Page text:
Archive for June, 2010

Gradients through Pure CSS (CSS3 Gradient Techniques)

Monday, June 28th, 2010

How do we achieve gradients through CSS? well, right now – the syntax is different for each browser . . . so why go through the hassle, if we can just specify a background image . . . right? Well, if the gradient isn’t all that essential and you can accept a solid background color as a fallback (for older browsers) – then you can save an http request and faster page load minus the extra background image.

So how is it done?

div {
background-color: #1a82f7; /* fallback color */
background-image: -moz-linear-gradient(100% 100% 90deg, #2F2727, #1a82f7); /* for mozilla browsers */
background-image: -webkit-gradient(linear, 0% 0%, 0% 100%, from(#1a82f7), to(#2F2727)); /* for webkit browsers */
background-image:filter: progid:DXImageTransform.Microsoft.gradient(GradientType=0, startColorstr=#1471da, endColorstr=#1C85FB);
-ms-filter: "progid:DXImageTransform.Microsoft.gradient (GradientType=0, startColorstr=#1471da, endColorstr=#1C85FB)";
/* for IE */


Here’s the official documentation.
-moz-linear-gradient( [<point> || <angle>,]? <stop>, <stop> [, <stop>]* )
-moz-linear-gradient (-45deg,red,blue);
For radial gradients, it’s -moz-radial-gradient

WebKit (Safari,Chrome)


-webkit-gradient(<type>, <point> [, <radius>]?, <point> [, <radius>]? [, <stop>]*)


background: -webkit-gradient(linear, left top, left bottom, from(#00abeb), to(#fff), color-stop(0.5, #fff), color-stop(0.5, #66cc00));



filter: progid:DXImageTransform.Microsoft.gradient(GradientType=0, startColorstr=#1471da, endColorstr=#1C85FB);
-ms-filter: "progid:DXImageTransform.Microsoft.gradient (GradientType=0, startColorstr=#1471da, endColorstr=#1C85FB)";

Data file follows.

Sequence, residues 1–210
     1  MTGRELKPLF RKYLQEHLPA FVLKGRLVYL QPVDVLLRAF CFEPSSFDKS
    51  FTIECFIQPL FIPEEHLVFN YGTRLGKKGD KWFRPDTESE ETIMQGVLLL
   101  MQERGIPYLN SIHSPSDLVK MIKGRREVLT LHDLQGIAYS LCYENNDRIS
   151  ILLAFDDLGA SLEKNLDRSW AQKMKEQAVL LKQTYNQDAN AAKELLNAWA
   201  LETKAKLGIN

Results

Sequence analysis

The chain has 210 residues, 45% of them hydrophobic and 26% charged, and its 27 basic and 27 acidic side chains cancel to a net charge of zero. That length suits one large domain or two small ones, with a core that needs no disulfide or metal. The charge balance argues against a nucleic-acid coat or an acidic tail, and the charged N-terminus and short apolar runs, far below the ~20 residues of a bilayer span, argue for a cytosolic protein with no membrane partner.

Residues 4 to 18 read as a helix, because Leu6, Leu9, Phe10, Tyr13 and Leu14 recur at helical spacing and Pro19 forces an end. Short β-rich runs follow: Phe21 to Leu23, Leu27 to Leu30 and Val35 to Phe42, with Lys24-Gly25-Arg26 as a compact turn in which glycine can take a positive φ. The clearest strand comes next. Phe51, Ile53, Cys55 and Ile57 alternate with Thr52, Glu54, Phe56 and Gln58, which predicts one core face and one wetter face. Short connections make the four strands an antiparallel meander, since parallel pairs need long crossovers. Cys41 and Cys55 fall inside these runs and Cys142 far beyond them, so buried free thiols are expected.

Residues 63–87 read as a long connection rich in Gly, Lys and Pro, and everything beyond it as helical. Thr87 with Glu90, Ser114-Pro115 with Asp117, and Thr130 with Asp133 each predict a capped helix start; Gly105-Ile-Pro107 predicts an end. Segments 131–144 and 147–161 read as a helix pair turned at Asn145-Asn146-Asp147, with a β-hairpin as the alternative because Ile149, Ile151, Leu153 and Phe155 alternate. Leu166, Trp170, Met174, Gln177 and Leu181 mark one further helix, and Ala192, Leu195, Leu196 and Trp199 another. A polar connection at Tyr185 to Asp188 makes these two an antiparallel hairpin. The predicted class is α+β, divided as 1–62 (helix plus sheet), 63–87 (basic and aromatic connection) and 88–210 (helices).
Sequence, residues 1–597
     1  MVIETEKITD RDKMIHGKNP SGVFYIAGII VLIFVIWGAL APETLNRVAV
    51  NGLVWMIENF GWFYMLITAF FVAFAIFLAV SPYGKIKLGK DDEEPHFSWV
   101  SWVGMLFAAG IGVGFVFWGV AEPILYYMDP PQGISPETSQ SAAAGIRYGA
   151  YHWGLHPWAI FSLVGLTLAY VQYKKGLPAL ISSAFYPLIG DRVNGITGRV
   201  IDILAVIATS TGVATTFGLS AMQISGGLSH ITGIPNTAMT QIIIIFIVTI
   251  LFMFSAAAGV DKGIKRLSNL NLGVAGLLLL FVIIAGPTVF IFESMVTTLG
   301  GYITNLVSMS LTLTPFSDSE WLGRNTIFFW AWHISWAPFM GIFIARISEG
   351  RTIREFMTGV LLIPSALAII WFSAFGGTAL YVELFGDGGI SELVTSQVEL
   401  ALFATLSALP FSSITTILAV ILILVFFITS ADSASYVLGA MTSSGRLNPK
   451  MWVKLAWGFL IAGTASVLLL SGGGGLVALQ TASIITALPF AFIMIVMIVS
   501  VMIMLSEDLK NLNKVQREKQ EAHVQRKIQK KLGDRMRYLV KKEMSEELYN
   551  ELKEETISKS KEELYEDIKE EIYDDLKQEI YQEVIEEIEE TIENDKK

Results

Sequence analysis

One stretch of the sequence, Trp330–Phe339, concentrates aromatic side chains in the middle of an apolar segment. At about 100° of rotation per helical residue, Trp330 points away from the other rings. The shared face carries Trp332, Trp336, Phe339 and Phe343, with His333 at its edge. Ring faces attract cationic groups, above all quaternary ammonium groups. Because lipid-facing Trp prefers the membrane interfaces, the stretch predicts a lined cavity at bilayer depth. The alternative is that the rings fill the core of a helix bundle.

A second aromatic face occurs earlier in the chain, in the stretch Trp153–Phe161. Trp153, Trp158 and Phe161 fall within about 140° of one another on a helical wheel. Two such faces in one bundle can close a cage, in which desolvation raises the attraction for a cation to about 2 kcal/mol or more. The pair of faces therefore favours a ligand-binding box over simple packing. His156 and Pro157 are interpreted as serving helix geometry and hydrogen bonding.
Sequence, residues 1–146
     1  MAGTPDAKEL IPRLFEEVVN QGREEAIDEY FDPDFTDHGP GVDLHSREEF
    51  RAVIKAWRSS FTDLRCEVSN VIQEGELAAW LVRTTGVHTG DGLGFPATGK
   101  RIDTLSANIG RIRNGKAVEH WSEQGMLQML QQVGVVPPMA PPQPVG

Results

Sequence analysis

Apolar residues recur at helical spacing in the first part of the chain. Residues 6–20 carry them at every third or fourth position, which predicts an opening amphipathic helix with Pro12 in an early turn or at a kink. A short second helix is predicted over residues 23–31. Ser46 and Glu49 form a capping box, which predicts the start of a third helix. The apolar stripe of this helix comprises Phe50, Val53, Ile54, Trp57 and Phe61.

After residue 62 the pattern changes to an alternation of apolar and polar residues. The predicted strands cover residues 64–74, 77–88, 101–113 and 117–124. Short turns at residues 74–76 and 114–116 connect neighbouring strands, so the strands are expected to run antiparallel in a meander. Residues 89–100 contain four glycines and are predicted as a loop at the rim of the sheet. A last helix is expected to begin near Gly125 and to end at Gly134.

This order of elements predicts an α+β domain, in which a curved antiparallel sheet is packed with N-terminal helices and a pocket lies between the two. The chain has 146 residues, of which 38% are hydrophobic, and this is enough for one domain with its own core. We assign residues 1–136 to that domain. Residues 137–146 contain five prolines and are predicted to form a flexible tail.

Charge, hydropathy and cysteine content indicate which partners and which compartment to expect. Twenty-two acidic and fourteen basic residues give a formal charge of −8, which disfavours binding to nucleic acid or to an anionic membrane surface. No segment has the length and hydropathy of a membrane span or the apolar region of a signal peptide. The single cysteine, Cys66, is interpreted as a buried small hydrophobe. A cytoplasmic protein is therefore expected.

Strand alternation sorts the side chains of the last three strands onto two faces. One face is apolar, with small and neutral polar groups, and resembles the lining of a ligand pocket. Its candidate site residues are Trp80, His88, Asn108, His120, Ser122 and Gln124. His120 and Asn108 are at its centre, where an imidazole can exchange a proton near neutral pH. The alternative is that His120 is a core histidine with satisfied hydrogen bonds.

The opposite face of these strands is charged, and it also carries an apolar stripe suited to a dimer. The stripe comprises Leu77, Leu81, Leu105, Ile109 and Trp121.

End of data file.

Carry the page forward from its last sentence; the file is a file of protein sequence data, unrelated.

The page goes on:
Want to be an Entrepreneur?

Monday, June 21st, 2010

This was done by and very inspiring.

Drupal Page Theme According to Content Type

Thursday, June 17th, 2010

I have used this a lot in the past for most of my Drupal projects – To theme a page in Drupal (v. 6) according to its content-type (ie page-news.tpl.php) . . . you will need this piece of code in template.php – it also makes a lot of other suggestions including getting the page url alias . . .

function themename_preprocess_page(&$variables) {
global $user;
if ($node = menu_get_object()) {
$variables['node'] = $node;
$suggestions = array();
$template_filename = 'page';
$template_filename = $template_filename . '-' . $variables['node']->type;
$suggestions[] = $template_filename;
$variables['template_files'] = $suggestions;
// Add a single suggestion.
if (module_invoke('throttle', 'status') && isset($user->roles[1])) {
$variables['template_file'] = 'page-busy';
// Add multiple suggestions.
if ($variables['node']->type == "page") {
$alias = drupal_get_path_alias($_GET['q']);
if ($alias != $_GET['q']) {
$template_filename = 'page';
foreach (explode('/', $alias) as $path_part) {
$template_filename = $template_filename . '-' . $path_part;
$variables['template_files'][] = $template_filename;
if (!empty($user->roles)) {
foreach ($user->roles as $role) {
$filter = '![^abcdefghijklmnopqrstuvwxyz0-9-_]+!s';